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Voice of the Jewish News: No best-before date

There will be those who ask what the point is in pursuing elderly Nazi criminals. This week's editorial says their victims deserve justice, regardless of the perpetrators' age

Jewish News
John Demjanjuk, formerly known as Ivan, was taken into court on a stretcher for his trial as a suspected Nazi war criminal. He was convicted of being an accessory to murder in 2011 (Photo: dpa)
John Demjanjuk, formerly known as Ivan, was taken into court on a stretcher for his trial as a suspected Nazi war criminal. He was convicted of being an accessory to murder in 2011 (Photo: dpa)

Prosecutors in states across Germany are in a battle against time. Within just a few short years – perhaps months – old age will have claimed the last of those who may have assisted Nazi genocide.

One of the latest suspects set for trial over alleged Third Reich war crimes is so old that court sessions requiring his presence will be limited to two hours a day. The 100-year-old defendant has not been named, as is German custom in criminal trials, but the indictment is quite clear: prosecutors say he was an accessory to murder at a concentration camp near Berlin.

Last week, it emerged that more than a dozen other indictments are in the works. All suspects are nonagenarians, some in ill health. Other prosecutions have collapsed because the suspects are suffering from dementia and cannot possibly defend themselves in court.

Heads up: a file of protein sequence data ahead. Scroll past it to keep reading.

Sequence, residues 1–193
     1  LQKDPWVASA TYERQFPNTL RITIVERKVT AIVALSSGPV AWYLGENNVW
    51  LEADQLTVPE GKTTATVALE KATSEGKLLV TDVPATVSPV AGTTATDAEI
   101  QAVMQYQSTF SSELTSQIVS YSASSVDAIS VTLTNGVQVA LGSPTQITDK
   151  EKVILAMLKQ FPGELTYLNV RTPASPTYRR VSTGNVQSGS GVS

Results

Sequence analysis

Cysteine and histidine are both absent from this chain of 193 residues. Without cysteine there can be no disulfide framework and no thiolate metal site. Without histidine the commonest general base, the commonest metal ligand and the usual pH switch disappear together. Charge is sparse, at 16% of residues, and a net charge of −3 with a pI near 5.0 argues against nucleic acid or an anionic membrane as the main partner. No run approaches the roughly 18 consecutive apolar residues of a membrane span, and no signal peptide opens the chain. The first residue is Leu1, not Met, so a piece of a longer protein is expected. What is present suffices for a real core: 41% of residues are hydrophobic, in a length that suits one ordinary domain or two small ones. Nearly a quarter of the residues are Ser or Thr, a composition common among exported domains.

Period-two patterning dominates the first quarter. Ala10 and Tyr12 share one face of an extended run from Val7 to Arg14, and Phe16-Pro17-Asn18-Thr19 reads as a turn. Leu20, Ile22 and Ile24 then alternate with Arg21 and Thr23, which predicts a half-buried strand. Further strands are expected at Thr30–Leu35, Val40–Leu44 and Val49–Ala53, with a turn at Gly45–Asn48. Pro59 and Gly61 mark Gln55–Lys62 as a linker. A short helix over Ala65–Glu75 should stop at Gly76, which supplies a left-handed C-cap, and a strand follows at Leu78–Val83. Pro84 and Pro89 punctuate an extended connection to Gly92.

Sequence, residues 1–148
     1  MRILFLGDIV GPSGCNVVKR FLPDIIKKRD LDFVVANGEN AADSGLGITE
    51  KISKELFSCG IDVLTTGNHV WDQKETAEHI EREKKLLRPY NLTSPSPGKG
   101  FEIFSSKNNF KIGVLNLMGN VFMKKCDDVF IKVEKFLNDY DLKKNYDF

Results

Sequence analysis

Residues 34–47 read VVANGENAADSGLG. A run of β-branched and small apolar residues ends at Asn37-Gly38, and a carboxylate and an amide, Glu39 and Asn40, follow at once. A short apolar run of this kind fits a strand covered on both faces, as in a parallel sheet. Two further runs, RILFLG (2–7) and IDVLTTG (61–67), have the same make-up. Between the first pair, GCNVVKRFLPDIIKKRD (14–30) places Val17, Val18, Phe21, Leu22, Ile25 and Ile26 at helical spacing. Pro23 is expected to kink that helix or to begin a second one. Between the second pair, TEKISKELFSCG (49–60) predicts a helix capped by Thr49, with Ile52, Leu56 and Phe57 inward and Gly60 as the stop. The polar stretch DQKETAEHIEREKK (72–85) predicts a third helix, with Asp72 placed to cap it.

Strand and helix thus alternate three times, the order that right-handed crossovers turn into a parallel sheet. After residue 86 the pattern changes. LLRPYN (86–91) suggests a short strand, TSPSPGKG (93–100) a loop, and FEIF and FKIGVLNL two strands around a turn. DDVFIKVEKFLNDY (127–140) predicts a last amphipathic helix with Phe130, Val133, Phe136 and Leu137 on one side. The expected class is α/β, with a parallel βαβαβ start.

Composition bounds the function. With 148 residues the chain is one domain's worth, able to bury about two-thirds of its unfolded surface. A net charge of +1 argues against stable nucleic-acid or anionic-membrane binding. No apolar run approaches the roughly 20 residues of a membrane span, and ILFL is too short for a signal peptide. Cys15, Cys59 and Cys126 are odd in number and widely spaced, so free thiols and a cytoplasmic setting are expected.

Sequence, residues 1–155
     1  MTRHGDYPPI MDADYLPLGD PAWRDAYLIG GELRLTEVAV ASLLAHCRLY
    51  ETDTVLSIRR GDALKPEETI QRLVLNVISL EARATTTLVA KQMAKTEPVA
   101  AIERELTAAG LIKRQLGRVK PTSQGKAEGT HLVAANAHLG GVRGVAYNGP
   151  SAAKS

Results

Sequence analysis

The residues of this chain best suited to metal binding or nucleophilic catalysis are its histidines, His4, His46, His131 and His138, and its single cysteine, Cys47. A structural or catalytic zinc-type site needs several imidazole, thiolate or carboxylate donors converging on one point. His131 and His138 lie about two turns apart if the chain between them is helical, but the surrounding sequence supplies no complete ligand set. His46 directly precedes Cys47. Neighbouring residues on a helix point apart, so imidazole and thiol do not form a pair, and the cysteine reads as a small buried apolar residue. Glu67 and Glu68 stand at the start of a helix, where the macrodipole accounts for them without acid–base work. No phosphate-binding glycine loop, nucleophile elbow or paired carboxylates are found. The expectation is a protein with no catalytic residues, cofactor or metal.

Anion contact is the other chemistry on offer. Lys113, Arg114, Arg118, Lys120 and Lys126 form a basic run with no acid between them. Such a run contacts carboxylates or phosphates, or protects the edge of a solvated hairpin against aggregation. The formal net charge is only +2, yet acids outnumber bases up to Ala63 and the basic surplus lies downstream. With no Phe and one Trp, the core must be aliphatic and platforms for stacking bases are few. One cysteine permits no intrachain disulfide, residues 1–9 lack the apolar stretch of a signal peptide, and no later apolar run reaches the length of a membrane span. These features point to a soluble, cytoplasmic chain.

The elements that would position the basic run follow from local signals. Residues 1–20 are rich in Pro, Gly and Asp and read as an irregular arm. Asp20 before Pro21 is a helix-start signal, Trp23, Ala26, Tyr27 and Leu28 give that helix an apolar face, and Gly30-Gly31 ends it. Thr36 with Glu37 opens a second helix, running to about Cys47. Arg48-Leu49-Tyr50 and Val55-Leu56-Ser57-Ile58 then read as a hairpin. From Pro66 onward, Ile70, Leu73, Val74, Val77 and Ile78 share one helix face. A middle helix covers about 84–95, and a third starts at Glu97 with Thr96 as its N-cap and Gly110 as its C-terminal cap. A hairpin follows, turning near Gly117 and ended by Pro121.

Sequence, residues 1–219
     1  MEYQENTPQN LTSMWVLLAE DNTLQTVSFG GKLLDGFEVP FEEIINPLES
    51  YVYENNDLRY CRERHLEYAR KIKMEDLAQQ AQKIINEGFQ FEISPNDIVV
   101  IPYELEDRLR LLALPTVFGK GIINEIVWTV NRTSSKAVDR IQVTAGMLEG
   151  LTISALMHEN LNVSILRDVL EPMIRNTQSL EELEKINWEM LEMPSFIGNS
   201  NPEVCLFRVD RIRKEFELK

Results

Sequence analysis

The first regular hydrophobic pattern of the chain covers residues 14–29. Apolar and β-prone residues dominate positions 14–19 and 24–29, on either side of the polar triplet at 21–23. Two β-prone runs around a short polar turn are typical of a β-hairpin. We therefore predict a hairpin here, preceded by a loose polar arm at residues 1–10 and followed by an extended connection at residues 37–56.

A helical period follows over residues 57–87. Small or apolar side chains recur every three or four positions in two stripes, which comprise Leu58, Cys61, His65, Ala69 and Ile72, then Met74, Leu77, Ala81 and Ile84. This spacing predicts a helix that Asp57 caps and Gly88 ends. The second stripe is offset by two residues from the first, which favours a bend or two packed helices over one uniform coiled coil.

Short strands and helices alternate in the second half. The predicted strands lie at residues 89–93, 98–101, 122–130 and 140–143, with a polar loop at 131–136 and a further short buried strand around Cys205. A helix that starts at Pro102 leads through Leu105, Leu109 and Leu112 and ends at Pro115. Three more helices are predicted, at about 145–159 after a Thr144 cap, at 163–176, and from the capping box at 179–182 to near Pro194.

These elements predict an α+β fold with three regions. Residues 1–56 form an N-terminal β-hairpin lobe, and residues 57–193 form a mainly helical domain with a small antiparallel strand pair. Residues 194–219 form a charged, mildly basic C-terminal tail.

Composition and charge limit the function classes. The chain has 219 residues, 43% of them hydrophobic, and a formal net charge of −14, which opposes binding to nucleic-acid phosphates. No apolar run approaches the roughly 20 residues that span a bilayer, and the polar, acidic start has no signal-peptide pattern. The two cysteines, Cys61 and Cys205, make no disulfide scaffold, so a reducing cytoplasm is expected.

There will be those who ask what the point is in pursuing the elderly and the infirm. Should there not be a sense of compassion and dignity for their twilight years?

But, like the suspects, a large but dwindling number of Holocaust survivors are alive too. They witnessed the horrors of the darkest days of the Second World War. They were denied compassion and dignity. They now deserve to witness as much justice as possible.

Then there are today’s young people, likely the first generation not to have an opportunity to hear first-hand testimony from a survivor. We must teach them that justice is always a cause worth pursuing, however late.

Germany is responsible for some of the worst crimes in history, yet has done more than any other country in the pursuit of atonement. It would not be right to stop now.

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